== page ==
Using the Internet to Navigate the Health Care System

Over the past decade, the Internet has drastically changed the way Americans view health care.
Today, we have more access than ever to finding top-quality doctors and hospitals. But learning to navigate the system can be tricky.

Dr. Manny Alvarez, senior managing health editor of, sat down with the CEO of, Kerry Hicks, to talk about how his company’s website is helping to improve the quality of health care, through monitoring and compiling data on American hospitals in their “2011 Healthcare Consumerism and Hospital Quality in America” report.

Dr. Manny: Tell me about – what is it exactly?

Hicks: The mission of is to improve the quality of health and actually guide Americans to their best health. We do that by rating 5,000 hospitals in 14 specialty areas in 27 procedures and diagnoses. A procedure would be bypass surgery or joint replacement. A diagnosis would be stroke or congestive heart failure.

Dr. Manny: How does it differ from other websites that offer doctor and hospital ratings?

Hicks: We have 11 million patients coming to our website each and every month and our core principles of transparency, empowerment, and accountability have remained unchanged since the late 1990s.

So for us, we've been doing this longer than anyone else. We are the gold standard when it comes to both physician quality information as well as hospital quality information. If you look at our traffic, it's roughly two or three times higher than our nearest competitor. And we do not allow, for instance, just open reviews by patients.

We do score reviews, so we have surveys. Was the doctor prompt? Was the doctor staff courteous? But we don't just allow open text comments on behalf of patients to write about a doctor for instance.

Dr. Manny: Who are the people visiting your site and how is it improving the consumer health care experience?

Hicks: Patients focus predominately, because we test this and we survey it all the time, on outcomes. So you talk about process measures and safe practice and we believe in all of that, but ultimately patients want to know how they’re going to fare at their hospital.

Our role is predominately to put information out in the marketplace that consumers can both understand and act upon. In my view, though, the industry is awash in data, but it lacks objective, actionable information. What is interesting, is that the growth of consumers seeking health care information on the Internet is increasing at four times the rate of the growth of the overall Internet.

We look at it based on the proxy from health care information sample and by using traffic to health grades. So the No. 1 city per capita adjusted is D.C. followed by New York City, and then Kansas City.

Dr. Manny: Tell me about the “2011 Healthcare Consumerism and Hospital Quality in America” report.

Hicks: It’s a considerable undertaking, and our goal is again to provide greater insight ultimately to empower patients to be better informed decision makers and to choose their care wisely because it's one of the most important decisions a patient will make.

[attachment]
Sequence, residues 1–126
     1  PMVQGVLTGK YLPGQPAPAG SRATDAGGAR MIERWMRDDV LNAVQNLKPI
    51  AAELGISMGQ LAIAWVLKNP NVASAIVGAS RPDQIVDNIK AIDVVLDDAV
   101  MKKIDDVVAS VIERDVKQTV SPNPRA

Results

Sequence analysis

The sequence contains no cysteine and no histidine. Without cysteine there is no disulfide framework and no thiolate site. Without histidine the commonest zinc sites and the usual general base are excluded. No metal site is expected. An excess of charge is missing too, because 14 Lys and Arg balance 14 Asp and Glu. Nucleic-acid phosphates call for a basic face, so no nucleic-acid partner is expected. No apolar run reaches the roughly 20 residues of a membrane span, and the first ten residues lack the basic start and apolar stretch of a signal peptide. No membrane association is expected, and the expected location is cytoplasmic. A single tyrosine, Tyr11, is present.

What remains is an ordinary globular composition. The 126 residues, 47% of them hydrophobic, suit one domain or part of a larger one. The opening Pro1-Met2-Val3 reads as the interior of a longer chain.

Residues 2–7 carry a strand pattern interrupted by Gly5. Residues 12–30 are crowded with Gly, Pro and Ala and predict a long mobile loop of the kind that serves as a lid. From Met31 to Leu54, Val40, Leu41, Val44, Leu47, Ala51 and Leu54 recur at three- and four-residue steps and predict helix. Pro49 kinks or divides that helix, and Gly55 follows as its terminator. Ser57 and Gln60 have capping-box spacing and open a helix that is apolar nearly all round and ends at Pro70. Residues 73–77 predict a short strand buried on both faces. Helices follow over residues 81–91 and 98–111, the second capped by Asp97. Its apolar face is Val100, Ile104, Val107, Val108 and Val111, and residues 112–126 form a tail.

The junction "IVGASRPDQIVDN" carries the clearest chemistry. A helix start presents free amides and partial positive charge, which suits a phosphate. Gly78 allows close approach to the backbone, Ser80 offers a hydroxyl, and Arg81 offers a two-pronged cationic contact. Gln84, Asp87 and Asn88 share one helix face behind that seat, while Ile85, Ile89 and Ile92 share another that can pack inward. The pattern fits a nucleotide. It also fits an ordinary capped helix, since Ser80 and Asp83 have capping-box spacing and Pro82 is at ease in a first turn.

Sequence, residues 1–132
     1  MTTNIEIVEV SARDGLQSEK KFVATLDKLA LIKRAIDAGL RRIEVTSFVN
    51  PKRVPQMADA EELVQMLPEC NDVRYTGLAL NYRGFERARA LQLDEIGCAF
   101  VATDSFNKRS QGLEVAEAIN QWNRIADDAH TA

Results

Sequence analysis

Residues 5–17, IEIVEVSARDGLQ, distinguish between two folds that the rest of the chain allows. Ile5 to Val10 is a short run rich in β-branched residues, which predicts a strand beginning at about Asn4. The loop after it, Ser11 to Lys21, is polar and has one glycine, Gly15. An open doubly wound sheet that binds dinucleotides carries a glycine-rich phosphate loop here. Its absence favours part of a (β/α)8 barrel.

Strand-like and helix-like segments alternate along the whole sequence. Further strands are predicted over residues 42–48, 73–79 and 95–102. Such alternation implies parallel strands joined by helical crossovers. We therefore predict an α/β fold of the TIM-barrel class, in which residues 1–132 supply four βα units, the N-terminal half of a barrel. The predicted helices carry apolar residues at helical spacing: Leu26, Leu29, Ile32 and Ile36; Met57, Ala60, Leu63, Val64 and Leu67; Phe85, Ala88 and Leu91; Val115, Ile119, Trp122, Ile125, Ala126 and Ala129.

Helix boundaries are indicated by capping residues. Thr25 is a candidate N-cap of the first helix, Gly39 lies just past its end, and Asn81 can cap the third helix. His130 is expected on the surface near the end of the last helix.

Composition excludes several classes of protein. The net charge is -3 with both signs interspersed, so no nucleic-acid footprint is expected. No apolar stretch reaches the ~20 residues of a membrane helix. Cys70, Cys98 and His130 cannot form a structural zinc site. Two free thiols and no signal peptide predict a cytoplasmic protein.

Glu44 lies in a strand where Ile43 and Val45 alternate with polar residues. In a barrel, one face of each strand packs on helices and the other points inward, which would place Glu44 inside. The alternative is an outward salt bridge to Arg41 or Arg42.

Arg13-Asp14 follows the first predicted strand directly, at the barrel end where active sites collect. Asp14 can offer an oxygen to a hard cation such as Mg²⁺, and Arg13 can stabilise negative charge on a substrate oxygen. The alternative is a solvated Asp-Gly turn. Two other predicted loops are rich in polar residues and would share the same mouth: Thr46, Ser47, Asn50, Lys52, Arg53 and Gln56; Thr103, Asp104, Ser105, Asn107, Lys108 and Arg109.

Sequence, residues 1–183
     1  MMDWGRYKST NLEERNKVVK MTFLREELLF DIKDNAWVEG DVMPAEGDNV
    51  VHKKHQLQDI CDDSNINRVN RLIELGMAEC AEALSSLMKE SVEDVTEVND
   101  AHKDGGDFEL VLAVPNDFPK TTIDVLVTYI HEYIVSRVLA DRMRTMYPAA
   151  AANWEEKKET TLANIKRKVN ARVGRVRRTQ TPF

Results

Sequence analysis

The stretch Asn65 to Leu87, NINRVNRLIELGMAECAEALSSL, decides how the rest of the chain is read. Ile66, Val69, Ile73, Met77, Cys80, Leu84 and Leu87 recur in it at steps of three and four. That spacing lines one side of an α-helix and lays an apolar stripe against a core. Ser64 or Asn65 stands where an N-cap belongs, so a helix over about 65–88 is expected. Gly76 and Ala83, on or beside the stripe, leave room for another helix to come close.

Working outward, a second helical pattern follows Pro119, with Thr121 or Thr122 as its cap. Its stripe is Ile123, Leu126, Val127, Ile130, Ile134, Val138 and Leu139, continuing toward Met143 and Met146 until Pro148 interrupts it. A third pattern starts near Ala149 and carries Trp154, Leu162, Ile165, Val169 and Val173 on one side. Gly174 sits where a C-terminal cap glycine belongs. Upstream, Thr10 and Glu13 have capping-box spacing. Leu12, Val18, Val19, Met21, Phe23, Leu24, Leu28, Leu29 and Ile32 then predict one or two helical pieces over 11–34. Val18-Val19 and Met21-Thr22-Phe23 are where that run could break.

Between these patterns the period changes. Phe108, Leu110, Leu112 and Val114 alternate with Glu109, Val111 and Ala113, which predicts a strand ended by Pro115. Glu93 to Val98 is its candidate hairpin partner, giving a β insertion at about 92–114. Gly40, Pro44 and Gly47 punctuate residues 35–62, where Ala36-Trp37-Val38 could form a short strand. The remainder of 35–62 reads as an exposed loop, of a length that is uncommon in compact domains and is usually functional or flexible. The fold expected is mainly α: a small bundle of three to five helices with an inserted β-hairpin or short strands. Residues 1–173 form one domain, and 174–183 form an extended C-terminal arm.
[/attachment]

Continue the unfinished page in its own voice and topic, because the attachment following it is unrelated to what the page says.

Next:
So for us, and our latest study, if you look at the chasm between the best performing and the poorest performing hospitals, a patient would have a 73 percent higher likelihood of living if they choose a five-star hospital instead of a one-star hospital.

So that's important, although all hospitals are improving in our study in that case there’s about a 13 percent improvement in quality over the last 3 reporting years. But again that chasm between the best performing and the poorest performing still remains substantial.

Dr. Manny: How do you compile your data for the report to make sure it’s credible?

Hicks: We analyze 40 million in-patient records, we get that information from the federal government. It's actually billing information to Medicare for payment to the hospitals, and it's actually a criminal offense to fraudulently report or manipulate the data.

We look at hospital quality over a three-year period of time. We look at 27 of the top procedures and diagnoses. They account for roughly 60-90 percent of all hospital admissions. We look at how hospitals perform. All 5,000 hospitals, you can't opt in or opt out, in 14 specialty areas.

Dr. Manny: What kinds of improvements have you noticed in your report?

Hicks: We see physicians having much closer working relationship with their hospital partners. I think the best evidence of that is that I think now over 50 percent of physicians in the country have some employment relationship with their hospital. That's a fundamental change and I think that is inevitably a very good thing.

So for instance the hospital you [Dr. Manny] work at, Hackensack, has the most five-star designations and the most awards of any hospital in the country, so that is not an accident. It takes real work. There are thousands of moments of truth every day. And the ones who do it the best do it by design.

Dr. Manny: What are some of your tips for patients trying to navigate the system and find top-quality doctors?

Hicks: We're launching a new site in January, and what I would look at if I was a patient – and I was indeed two years ago – I'd look at which hospital, by which specialty performs the best, and then we have a unique application where we link the best hospitals with the doctors who actually perform or admit patients there.

And that's always a great starting point, because as great as a physician as you are, and most doctors are, there's still substantial variability. But within the hospital, the variability lies not only with the doctor but with the entire team. It's a very complex system both operationally and technologically if you think about just the complexities of delivering health care, done by humans on other humans. It’s a very team oriented fort.